There is no way around it except for forms that are c=1 or +1 and even the solution for those is not ideal. The program would have to be changed to avoid checking for the error. Both srsieve and sr2sieve have the same problem. For c=1 or +1 forms, you can use sr1sieve but it will only sieve where the factors are greater than the base so you'd have to figure a way to remove smaller factors or just do like I did and run PFGW with factoring set to 1% with f1. Also if you are sieving multiple k's at once, which I am frequently doing on some of these conjectures, you have to sieve them one k at a time...not a great solution. Would someone want to get ahold of Mark (rogue) and see if he can remove the error check from srsieve and sr2sieve where it says all terms are even? That becomes a major issue when sieving near repeat digit forms for odd bases. 
[QUOTE=sweety439;449953]The (probable) primes with n > 1000 for the completedstarted extended Sierpinski/Riesel problems (with bases b <= 24, except R2, R3 and R6) are:
S4: 186*4^10458+1 S7: (141*7^1044+1)/2 S10: 804*10^5470+1 S12: 404*12^714558+1 378*12^2388+1 S16: (23*16^1074+1)/3 S17: 10*17^1356+1 S18: 122*18^292318+1 381*18^24108+1 291*18^2415+1 R4: (106*4^45531)/3 74*4^12761 296*4^12751 ( = 74*4^12761, the two primes are the same, since 296 = 74 * 4) R7: (367*7^151181)/6 (313*7^59071)/6 (159*7^48961)/2 (429*7^38151)/2 (419*7^10521)/2 R12: (298*12^16761)/11 R17: (29*17^49041)/4 (13*17^11231)/4[/QUOTE] A prime is missing for R17: 44*17^64881. Thus, the list of R17 should be: 44*17^64881 (29*17^49041)/4 (13*17^11231)/4 
[QUOTE=Batalov;449245]Staying away from words that have an established meaning in the community is probably a good idea before you actually can talk the language of the community. How do you know that you are not actually meaning 'weak' when you are saying 'strong'?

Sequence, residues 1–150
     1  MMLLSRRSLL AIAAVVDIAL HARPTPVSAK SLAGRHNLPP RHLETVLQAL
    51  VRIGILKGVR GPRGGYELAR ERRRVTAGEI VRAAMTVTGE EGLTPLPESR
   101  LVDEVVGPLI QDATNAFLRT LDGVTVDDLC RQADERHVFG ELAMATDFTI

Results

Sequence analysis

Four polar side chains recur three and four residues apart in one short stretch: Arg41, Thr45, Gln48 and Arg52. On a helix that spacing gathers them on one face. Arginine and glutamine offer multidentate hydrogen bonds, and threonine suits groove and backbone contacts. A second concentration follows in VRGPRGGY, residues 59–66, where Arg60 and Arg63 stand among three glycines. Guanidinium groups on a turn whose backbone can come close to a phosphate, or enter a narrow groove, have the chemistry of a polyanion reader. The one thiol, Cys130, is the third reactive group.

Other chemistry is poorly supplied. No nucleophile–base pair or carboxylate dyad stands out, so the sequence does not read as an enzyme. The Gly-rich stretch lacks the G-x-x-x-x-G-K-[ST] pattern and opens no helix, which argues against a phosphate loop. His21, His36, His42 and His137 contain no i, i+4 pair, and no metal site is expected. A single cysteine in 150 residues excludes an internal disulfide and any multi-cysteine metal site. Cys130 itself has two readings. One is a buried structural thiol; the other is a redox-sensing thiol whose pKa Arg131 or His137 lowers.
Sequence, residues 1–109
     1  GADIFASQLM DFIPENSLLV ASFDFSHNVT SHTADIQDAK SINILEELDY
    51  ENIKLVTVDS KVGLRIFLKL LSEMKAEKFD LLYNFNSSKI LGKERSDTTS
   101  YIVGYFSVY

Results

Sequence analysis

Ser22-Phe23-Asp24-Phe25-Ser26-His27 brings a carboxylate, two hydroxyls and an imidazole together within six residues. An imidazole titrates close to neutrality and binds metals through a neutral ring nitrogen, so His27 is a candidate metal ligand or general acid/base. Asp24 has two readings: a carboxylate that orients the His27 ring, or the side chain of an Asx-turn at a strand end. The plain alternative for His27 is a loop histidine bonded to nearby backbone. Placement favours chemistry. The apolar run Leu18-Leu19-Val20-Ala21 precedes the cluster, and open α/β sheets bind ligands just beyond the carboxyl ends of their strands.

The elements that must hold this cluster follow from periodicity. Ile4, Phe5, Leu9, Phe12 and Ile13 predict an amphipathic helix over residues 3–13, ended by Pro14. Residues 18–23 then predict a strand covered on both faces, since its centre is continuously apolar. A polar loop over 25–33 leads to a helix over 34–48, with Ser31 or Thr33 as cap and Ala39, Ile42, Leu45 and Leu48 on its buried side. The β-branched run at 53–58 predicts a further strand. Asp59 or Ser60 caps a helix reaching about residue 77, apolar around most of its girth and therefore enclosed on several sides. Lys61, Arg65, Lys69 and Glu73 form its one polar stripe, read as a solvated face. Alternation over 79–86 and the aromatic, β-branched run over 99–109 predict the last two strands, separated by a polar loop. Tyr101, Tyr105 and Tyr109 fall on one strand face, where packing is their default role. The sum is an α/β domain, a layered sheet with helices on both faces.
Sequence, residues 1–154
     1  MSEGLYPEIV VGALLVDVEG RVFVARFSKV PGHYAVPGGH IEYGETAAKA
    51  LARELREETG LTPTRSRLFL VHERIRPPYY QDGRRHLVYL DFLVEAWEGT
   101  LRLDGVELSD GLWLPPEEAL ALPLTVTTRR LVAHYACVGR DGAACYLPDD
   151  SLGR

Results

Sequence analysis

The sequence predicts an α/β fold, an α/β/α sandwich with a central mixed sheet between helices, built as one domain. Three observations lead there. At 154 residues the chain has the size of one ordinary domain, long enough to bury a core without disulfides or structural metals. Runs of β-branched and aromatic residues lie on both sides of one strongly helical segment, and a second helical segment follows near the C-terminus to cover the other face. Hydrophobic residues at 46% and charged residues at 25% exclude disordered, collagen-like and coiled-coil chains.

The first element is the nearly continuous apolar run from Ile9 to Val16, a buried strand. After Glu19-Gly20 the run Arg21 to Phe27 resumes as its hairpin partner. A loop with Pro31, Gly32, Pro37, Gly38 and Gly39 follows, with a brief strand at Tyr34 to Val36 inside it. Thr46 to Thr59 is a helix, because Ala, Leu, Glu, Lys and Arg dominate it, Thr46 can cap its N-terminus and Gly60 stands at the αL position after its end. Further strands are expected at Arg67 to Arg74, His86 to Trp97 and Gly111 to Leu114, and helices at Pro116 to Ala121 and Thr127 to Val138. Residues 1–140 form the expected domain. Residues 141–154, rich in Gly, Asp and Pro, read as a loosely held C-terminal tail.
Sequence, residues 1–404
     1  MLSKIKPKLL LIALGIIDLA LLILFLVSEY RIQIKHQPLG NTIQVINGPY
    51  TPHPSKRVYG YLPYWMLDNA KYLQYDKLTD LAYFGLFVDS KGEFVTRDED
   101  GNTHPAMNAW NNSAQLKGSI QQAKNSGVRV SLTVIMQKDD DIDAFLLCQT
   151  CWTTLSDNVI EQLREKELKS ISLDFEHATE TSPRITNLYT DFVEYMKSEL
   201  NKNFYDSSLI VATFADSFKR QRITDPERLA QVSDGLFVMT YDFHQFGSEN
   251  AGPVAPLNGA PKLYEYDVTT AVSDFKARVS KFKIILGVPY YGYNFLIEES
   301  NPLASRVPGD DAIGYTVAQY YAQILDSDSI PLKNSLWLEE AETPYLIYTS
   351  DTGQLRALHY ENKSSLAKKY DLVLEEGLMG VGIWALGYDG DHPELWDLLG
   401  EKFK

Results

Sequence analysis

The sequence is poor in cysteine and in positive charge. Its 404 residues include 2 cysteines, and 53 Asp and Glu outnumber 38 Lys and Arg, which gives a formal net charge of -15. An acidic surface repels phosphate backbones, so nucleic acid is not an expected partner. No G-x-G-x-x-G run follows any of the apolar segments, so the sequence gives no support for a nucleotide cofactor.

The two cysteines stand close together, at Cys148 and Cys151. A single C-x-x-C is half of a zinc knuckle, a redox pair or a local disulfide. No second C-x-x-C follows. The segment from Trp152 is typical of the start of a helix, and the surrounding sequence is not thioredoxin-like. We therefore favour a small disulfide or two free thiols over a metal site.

Or rather, how do you know that things you are talking about are altogether related? Because they aren't! If one proved Goldbach, the would have also proven weak Goldbach. If one proved weak Goldbach (and they did!), then nothing happened to Goldbach. If you (well, let's imagine) proved "The [B]strong[/B] Sierpinski problem", then ... <care to fill the blanks?> ... [SPOILER]Nothing would happen to the "normal" Sierpinski problem, of course![/SPOILER] Origin: [URL]https://xkcd.com/1310/[/URL][/QUOTE] For example, in the most popular Riesel base 10 case, the smallest [I]original [/I]Riesel number base 10 is conjectured to be 10176, but the smallest [I]strong[/I] Riesel number is proven to be 334, since all numbers of the form (334*10^n1)/gcd(3341,101) are divisible by 3, 7, 13 or 37, all numbers of this form are composite. However, if we research all k's < 10176 (except the k's that are proven composite, these k's are 334, 343, 1585, 1882, 3340, 3430, 3664, 7327, 8425, 9208, k=343 and 3430 are proven composite by partial algebraic factors, other k's are proven composite by covering set), then the problem covers the original Riesel base 10 problem. This problem (the strong Riesel base 10 problem) has only 3 k's < 10176 remain: 2452, 4421 and 5428. (see the links [URL]https://www.rosehulman.edu/~rickert/Compositeseq/[/URL] and [URL="http://www.worldofnumbers.com/Appending%201s%20to%20n.txt"]http://www.worldofnumbers.com/Appending%201s%20to%20n.txt[/URL]) The top primes of this problem are: (with k < 10176, n > 10000) 7019 (881309) 8579 (373260) 6665 (60248) 1935 (51836) 1803 (45882) 1231 (37398) 6373 (37156) 1343 (29711) 6742 (22850) 505 (18470) 3499 (12689) 3356 (13323) 450 (11958) The test limits for the remain k's < 10176: 2452 (554K) (see [URL]https://www.rosehulman.edu/~rickert/Compositeseq/#b10d3[/URL]) 4421 (1.69M) (see [URL]http://www.noprimeleftbehind.net/crus/Rieselconjectures.htm[/URL]) 5428 (300K) (see [URL]http://www.worldofnumbers.com/Appending%201s%20to%20n.txt[/URL])